Mobile phone operators and banks are backing a scheme to allow those who work abroad to use their phones to send money home.
Almost three billion people worldwide have a mobile phone
The pilot programme, announced by mobile operator trade body the GSM Association, could make sending cash easier and cheaper for migrant workers.
The initiative is backed by 19 mobile firms representing over 600 million customers in over 100 countries.
Vodafone and Telecom Italia are among mobile firms backing the scheme.
The system will allow a person to put cash onto their mobile, and order it to be sent to a mobile phone number abroad, where the recipient receives a text message saying that money has arrived.
As a result, the costs of sending small amounts of cash could be reduced to just a few percent, from 24% currently.
A typical deal to send $200 back to relatives in a migrant worker's home country cost between $15 and $26 on average in 2005, according to the International Monetary Fund.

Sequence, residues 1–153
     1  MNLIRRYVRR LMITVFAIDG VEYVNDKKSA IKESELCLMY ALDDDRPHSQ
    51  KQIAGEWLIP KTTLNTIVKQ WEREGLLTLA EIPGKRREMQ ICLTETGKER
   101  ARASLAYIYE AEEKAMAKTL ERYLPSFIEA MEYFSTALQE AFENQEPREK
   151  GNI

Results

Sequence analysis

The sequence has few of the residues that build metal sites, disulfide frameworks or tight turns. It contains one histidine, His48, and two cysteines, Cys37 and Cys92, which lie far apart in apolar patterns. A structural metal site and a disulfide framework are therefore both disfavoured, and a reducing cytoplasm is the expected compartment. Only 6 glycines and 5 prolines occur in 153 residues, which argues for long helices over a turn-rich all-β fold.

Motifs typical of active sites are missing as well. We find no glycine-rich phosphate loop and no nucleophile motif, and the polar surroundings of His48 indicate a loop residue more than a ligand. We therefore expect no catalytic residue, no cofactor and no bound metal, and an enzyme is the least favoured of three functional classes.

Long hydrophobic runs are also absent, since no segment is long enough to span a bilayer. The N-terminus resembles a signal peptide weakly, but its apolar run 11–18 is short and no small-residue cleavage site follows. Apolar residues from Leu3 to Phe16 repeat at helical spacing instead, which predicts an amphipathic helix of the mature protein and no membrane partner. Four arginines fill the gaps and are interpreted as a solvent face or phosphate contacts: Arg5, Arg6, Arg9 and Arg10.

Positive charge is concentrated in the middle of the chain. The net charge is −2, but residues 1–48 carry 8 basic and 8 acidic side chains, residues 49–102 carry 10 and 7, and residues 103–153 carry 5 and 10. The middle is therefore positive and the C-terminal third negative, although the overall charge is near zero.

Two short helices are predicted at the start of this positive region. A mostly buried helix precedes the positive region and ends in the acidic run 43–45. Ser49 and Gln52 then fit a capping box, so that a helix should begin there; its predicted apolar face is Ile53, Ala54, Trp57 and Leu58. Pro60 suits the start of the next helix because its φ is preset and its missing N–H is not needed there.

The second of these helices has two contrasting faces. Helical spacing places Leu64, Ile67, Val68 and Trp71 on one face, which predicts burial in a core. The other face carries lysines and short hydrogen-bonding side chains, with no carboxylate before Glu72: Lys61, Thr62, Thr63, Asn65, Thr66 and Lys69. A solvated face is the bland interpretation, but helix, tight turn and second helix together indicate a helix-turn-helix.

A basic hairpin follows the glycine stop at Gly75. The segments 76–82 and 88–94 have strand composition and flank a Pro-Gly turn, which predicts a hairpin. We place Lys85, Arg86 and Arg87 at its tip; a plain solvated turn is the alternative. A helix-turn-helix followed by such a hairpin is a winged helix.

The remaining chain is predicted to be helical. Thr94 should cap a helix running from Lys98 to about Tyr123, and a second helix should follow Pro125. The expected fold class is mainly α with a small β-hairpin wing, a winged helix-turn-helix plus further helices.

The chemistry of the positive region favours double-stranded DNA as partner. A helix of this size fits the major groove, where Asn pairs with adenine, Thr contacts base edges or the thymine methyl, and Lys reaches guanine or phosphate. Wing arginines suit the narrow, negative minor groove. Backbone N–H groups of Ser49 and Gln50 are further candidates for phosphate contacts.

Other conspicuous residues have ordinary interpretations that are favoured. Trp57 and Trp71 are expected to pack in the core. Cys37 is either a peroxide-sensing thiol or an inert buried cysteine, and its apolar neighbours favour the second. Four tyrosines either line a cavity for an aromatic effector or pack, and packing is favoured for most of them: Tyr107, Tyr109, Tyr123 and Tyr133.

Mastercard, the payment processing firm, will pilot a global hub that will link together national markets with local payment systems.
Less than one billion people have a bank account worldwide but close to three billion now have a mobile phone, according to the GSMA.
"The only way to sustainably serve these people is through mobile communications," said GSMA spokesman Ben Soppitt.
If successful, the initiative could double the number of recipients of international remittances to more than 1.5 billion and quadruple the size of the market from $230bn (£117bn) to more than $1 trillion (£513bn) by 2012, the GSMA says.
Sunil Mittal, chief of Bharti Airtel, India's largest mobile operator said the scheme would provide "immense benefits to people in developing nations such as India".
India is both the world's fastest growing mobile services market and the biggest recipient of overseas remittances, accounting for around 10% of the world market.